Republican Sen. Ted Cruz of Texas hasn’t said a lot about public schools on the GOP presidential campaign trail, but Cruz’s handful of K-12 policy positions are pretty clear. And one of them is a revival of a promise made by one of his political role models, President Ronald Reagan, over 35 years ago.
During his campaign for the presidency in 1980, Reagan vowed to end the U.S. Department of Education. However, his own appointee to the position, Terrel Bell, went from supporting a downgrade for the Education Department to being one of its more ardent defenders. And the department’s 1983 release of “A Nation at Risk,” a report claiming there was a “rising tide of mediocrity” in America’s schools, helped raise the department’s profile at one of its more endangered moments. Reagan reiterated in 1984 that he was targeting the department for elimination, but was ultimately unsuccessful.
That hasn’t stopped Cruz from pledging that he would abolish the department, but not before saying he would order it to abolish the Common Core State Standards. Joy Pullmann, an education research fellow at the Heartland Institute, acknowledged that’s not something the president, nor the Education Department, can do. (She supports Cruz personally, although the Heartland Institute is not endorsing any candidate.) And she told me getting rid of the department is a long shot—after all, it’s a very complicated political proposition. But she told me that it’s still worth trying, and Cruz would be the most likely candidate to try to get it done.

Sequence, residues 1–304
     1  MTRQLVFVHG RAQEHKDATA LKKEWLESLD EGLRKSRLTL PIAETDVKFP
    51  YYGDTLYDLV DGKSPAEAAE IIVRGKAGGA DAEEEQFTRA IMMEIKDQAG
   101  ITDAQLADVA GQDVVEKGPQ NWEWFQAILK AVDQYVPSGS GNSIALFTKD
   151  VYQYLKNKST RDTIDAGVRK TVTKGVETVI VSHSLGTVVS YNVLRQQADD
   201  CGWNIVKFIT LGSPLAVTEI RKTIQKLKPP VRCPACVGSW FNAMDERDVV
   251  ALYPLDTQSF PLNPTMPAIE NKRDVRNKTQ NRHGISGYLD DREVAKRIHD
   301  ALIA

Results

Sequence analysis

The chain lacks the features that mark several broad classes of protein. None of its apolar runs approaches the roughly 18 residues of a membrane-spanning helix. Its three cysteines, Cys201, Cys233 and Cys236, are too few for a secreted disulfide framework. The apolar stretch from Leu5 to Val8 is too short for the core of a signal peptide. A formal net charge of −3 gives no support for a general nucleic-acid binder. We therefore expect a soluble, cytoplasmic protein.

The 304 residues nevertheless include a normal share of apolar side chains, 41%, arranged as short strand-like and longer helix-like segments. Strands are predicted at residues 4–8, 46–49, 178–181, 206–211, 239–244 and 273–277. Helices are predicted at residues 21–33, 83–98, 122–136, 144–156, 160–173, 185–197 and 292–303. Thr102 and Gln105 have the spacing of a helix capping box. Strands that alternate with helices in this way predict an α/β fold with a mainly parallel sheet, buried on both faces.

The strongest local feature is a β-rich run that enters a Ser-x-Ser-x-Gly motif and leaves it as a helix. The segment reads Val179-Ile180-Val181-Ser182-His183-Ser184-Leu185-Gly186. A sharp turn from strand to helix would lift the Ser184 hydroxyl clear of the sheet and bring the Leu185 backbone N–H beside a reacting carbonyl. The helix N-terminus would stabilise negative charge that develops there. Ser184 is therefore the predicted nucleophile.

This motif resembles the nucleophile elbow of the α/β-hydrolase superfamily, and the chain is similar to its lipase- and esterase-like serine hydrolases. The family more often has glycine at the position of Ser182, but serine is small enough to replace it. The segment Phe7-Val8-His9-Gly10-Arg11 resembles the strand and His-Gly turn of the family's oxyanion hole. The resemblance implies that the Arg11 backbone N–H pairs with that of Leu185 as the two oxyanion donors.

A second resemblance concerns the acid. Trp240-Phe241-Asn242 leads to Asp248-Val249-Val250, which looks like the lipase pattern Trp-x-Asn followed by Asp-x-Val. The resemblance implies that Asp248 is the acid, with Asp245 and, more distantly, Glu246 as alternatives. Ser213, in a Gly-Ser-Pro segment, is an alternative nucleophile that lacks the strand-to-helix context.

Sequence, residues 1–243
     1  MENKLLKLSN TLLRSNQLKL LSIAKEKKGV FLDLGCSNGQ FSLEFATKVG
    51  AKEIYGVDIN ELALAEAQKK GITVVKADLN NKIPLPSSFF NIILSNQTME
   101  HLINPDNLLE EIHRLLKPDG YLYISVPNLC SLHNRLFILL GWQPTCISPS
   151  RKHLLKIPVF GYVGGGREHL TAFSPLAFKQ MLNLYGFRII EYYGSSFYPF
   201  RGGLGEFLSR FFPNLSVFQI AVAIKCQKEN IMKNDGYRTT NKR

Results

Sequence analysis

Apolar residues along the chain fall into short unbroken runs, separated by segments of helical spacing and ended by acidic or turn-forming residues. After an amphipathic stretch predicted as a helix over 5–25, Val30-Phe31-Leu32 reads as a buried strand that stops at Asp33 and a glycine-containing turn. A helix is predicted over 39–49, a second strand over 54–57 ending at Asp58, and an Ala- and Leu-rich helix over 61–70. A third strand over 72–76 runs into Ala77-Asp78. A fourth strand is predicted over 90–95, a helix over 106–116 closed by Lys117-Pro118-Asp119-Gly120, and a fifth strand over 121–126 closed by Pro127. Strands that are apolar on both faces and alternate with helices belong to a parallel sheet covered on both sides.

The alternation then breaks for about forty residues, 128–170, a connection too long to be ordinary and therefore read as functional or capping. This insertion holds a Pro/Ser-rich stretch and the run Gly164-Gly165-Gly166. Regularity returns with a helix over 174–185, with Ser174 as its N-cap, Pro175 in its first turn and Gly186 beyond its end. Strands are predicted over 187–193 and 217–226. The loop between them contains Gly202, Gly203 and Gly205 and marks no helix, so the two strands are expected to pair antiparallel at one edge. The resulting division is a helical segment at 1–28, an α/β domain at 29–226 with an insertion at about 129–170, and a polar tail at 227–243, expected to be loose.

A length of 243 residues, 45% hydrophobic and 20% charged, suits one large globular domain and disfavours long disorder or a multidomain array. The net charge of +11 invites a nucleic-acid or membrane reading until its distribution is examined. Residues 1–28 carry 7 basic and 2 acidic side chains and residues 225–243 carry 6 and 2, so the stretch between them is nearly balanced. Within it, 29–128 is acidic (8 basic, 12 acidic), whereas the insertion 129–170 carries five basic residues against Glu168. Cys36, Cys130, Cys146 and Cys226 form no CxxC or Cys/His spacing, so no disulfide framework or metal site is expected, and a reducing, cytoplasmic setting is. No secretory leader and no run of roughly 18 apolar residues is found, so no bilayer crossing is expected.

“I found them the most trustworthy folks on education issues,” Pullmann said about working with Cruz’s education staffers in Congress.
But Sandy Kress, a former assistant to President George W. Bush who helped create the No Child Left Behind Act, is much less impressed with what Cruz has put out there so far on K-12. He’s disdainful of the idea Cruz has supported in the Senate to let states shrug off federal accountability, saying that amounts to Uncle Sam just dumping money” onto states with no oversight.
“It’s pretty sad to see where Republican thinking on this has devolved, particularly at the national level,” Kress said, who also said the K-12 rhetoric from all the candidates has been “pathetic.”
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